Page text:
Mark 11:15-19 (ESV)
And they came to Jerusalem. And he entered the temple and began to drive out those who sold and those who bought in the temple, and he overturned the tables of the money-changers and the seats of those who sold pigeons. And he would not allow anyone to carry anything through the temple. And he was teaching them and saying to them, “Is it not written, ‘My house shall be called a house of prayer for all the nations’? But you have made it a den of robbers.” And the chief priests and the scribes heard it and were seeking a way to destroy him, for they feared him, because all the crowd was astonished at his teaching. And when evening came they went out of the city.
Every year at Passover thousands of Jews came from all over Israel and Judea to offer sacrifices at the temple in Jerusalem. Since many traveled long distances, they often purchased their animal sacrifices in Jerusalem rather than hauling them from home and risking an injury or a blemish that would make them an unworthy sacrifice. It was a convenience for Jewish worshippers to purchase their sacrifices once they arrived. However, the market for these transactions had been set up in the Court of the Gentiles, where non-Jewish seekers of God came to worship. Thus, at Passover, the temple courtyard was filled with livestock, sellers of livestock and money-changers, who exchanged regional currencies for Jewish money.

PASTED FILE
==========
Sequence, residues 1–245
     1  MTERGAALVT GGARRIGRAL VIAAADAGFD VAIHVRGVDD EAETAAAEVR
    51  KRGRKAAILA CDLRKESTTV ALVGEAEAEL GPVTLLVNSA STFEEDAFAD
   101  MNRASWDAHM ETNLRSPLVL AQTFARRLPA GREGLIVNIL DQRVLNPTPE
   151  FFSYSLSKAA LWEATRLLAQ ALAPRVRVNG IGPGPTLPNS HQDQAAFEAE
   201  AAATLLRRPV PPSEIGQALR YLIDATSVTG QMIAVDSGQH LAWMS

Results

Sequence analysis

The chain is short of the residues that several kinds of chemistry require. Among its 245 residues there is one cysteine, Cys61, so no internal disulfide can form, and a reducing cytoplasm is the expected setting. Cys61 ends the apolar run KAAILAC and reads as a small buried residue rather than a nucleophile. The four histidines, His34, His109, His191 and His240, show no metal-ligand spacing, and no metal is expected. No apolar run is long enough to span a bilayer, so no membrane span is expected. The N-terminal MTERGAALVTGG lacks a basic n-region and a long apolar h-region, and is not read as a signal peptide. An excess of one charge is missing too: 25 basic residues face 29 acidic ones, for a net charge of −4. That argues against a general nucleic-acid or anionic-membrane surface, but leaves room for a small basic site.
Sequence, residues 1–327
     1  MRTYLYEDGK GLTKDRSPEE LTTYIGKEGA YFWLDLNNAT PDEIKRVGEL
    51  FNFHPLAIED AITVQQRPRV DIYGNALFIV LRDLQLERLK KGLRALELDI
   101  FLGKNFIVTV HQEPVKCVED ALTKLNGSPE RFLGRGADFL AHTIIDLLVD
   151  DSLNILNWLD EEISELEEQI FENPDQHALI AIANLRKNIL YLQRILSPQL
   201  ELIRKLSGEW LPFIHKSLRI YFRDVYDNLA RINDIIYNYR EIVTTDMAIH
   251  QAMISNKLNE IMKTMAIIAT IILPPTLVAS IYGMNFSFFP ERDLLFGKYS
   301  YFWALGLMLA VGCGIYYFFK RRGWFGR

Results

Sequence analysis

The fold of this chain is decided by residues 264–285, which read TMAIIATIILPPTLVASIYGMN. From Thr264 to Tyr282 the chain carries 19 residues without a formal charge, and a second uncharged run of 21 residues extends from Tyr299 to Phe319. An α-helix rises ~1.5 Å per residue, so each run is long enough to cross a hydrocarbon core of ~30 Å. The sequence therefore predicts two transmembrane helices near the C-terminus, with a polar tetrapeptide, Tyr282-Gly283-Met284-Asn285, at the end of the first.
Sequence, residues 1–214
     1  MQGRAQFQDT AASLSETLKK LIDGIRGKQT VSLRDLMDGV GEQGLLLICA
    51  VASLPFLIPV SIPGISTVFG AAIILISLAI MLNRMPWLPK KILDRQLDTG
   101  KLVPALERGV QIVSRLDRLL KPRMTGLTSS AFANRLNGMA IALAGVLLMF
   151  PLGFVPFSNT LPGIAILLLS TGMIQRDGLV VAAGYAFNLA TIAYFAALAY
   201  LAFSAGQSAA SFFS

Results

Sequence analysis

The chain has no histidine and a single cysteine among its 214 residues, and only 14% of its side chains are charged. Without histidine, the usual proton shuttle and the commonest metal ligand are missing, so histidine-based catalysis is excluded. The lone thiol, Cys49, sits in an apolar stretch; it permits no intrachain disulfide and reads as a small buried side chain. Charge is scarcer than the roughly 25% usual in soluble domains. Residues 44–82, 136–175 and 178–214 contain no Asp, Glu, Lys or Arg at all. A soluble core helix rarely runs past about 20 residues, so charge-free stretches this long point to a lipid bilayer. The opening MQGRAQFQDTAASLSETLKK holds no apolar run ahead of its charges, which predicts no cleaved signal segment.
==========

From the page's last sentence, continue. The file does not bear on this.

When Jesus saw this, he was angry — so angry that he overturned tables and placed an embargo on merchandise. But why? Weren’t the merchants just trying to help the travelers worship God? Perhaps. But they were doing it at the expense of those from “all nations” who were seeking God, counting their worship as insignificant. In calling them “robbers” Jesus may have been referring to their greedy financial transactions and the way they were robbing Gentiles of their place of worship.
Yet something else is going on. In a similar account of his cleansing the temple, Jesus was asked for a sign of his authority. He replied, “Destroy this temple, and in three days I will raise it up” (John 2:19). But he wasn’t speaking about the building; “he was speaking about the temple of his body” (John 2:21). In other words, when he died, the temple and its entire system — the priesthood, the sacrifices, the glory — died with him because he himself was the Passover Lamb, high priest and Shekinah glory. Thus, when the temple curtain split at the death of Christ (Mark 15:38), the barrier between God and humanity came down for everyone. Jesus became the “house of prayer for all nations.” Today there is no need to travel to the temple in Jerusalem to worship. Nor is there any distinction between Jewish and Gentile worshippers. Worship is no longer attached to a place, but a person. Jesus is the temple. He is where we meet God.
— By The Park Forum
Lord, we worship Jesus as the final sacrifice, priest, glory and temple. Therefore, let us join ourselves to him so that we may love his name and be his servants (Isaiah 56:6). In Christ, may all nations — those near and far — come to you in prayer (Isaiah 56:8). In Christ’s Name, Amen.
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In his book Counterfeit Gods, Tim Keller shows us how a proper understanding of the Bible reveals the truth about societal ideals and our own hearts — and that there is only one God who can wholly satisfy our cravings and fulfill our hopes.
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